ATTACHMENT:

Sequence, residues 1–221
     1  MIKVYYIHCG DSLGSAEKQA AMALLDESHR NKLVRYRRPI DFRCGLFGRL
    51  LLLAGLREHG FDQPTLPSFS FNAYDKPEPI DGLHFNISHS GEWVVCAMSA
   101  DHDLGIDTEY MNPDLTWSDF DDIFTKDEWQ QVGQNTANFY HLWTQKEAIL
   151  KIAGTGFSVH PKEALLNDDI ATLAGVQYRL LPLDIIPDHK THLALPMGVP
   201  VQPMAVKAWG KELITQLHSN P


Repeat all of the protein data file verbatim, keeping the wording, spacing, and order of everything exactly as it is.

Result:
Sequence, residues 1–221
     1  MIKVYYIHCG DSLGSAEKQA AMALLDESHR NKLVRYRRPI DFRCGLFGRL
    51  LLLAGLREHG FDQPTLPSFS FNAYDKPEPI DGLHFNISHS GEWVVCAMSA
   101  DHDLGIDTEY MNPDLTWSDF DDIFTKDEWQ QVGQNTANFY HLWTQKEAIL
   151  KIAGTGFSVH PKEALLNDDI ATLAGVQYRL LPLDIIPDHK THLALPMGVP
   201  VQPMAVKAWG KELITQLHSN P